Updated: June 23, 2016 7:56:08 am
The exit of Swami Prasad Maurya, the BSP leader who quit Wednesday accusing Mayawati of deceiving Dalits and taking bribes for election tickets, leaves the party with the task of finding a new backward-caste face with months to go for the assembly elections in UP.
Maurya, 62, was the strongest leader the BSP could bank on for the votes of non-Yadav OBCs, a politically crucial group that has been traditionally behind the party but over which its hold is reducing. Of the eight MLAs the BSP has sacked this month, four have been non-Yadav OBCs, with some having deserted the party before their expulsion.
Maurya belongs to the biggest caste group among OBCs after Yadavs and Kurmis. Known by the surnames Kachhi, Maurya, Kushwaha, Saini and Shakya, this group is present in most assembly seats from east to west UP. Maurya had been strategically groomed by the BSP to attract these votes. Since the expulsion in 2011 of former minister Babu Singh Kushwaha, who belongs to the same caste group, Maurya was the undeclared OBC face of the party.
The BSP sent eight MLAs from this caste group in 2012. Party sources say some of them are likely to desert the BSP as most of them are uncertain about being renominated. Last week, the party had expelled the MLA from Shivpur in Varanasi district, Uday Lal Maurya.
Some see the BSP as having given up on this group. With the BJP showcasing PM Narendra Modi as an OBC and appointing Keshav Prasad Maurya as state president, BSP leaders are no longer certain how much support they will get from these voters.
Maurya, Leader of the Opposition in UP, has been a minister in three governments, and was BSP state president before being elevated to national general secretary in 2012. A Buddhist and a follower of Ambedkar, he was well-versed in the BSP’s ideological principles. His is the most high-profile of the dozen or so desertions since the 2014 polls.
A lawyer and a resident of Pratapgarh district, Maurya had started his politics as a member of the Lok Dal’s youth wing in 1980. In 1991, he joined the Janata Dal. He was state general secretary when he quit the Janata Dal, opposing its alliance with the Samajwadi Party and joining the BSP on January 2, 1996.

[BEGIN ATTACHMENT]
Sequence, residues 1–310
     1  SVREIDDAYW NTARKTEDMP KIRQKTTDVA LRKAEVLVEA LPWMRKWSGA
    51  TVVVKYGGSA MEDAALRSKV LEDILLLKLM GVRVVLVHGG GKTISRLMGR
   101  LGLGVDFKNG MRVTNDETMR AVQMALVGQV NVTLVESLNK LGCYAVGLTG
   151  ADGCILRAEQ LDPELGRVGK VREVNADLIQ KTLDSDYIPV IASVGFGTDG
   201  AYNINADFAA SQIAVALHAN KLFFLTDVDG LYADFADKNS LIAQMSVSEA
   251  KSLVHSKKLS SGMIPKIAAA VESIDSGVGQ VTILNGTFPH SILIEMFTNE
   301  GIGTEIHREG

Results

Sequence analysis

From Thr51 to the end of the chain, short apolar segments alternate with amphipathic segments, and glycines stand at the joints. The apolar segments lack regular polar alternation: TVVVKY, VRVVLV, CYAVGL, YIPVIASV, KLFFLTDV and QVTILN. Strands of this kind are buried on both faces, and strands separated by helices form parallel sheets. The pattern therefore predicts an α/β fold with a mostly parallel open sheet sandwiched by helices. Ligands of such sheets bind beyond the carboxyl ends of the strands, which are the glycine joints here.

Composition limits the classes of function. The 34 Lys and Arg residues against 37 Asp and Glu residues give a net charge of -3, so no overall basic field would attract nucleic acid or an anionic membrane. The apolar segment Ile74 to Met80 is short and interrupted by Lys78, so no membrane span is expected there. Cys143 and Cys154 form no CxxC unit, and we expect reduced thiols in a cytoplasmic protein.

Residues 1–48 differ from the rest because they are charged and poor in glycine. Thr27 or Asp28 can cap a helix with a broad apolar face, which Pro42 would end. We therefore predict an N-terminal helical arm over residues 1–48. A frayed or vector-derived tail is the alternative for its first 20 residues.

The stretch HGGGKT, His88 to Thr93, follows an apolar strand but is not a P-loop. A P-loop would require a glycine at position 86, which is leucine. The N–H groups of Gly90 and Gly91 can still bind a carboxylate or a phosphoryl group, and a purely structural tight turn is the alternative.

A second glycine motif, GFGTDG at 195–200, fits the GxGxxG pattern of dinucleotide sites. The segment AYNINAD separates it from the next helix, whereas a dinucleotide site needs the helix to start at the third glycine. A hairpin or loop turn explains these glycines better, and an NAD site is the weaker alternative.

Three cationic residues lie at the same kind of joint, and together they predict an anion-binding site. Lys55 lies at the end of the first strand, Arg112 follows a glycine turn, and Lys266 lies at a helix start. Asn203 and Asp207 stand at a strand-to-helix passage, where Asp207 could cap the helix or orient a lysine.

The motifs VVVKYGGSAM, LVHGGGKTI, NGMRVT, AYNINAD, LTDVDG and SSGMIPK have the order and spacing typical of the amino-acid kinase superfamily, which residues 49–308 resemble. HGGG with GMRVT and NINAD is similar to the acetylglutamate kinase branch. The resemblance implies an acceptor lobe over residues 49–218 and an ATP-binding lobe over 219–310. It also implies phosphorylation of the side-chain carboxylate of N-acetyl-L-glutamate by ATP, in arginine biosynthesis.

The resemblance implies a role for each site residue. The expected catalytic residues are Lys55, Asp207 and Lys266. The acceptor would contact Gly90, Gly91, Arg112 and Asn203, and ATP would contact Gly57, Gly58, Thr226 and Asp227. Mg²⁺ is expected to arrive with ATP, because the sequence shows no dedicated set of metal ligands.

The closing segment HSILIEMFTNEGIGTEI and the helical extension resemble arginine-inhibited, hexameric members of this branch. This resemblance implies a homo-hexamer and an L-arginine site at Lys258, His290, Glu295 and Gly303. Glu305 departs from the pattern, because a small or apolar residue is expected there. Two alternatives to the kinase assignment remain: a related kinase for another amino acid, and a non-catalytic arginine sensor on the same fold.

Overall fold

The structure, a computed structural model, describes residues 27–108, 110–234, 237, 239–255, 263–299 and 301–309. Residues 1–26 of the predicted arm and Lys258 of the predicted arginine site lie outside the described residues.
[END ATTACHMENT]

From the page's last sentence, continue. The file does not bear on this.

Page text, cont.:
Elected state BSP president in 2008, Maurya grew in stature in the BSP following the expulsion of Kushwaha, an accused in the National Rural Health Mission scam. He was named the party’s national general secretary in 2012. He was the only BSP leader whom Mayawati had authorised to speak to the media, and he often held press conferences to attack the state government.
Mayawati has said Maurya was upset about the denial of party tickets to his son and daughter for the elections. According to party sources, Maurya started to get disillusioned when he was told he would not be renominated from Padrauna in 2017. He was asked instead to prepare to contest from Unchahar in Rae Bareli, the seat his son Utkrisht had lost in 2012. Maurya had reportedly been lobbying for his son’s renomination. His daughter Sanghmitra, who had unsuccessfully contested from Aliganj of Etah district in 2012, was not being considered either, said a party leader.
On Wednesday, Maurya said he felt suffocated as he could not raise his voice for the party workers and the public. In the last two years, he said, he had felt slighted by BSP coordinators who he believed were running the show as mere “managers” without enjoying any popular support.
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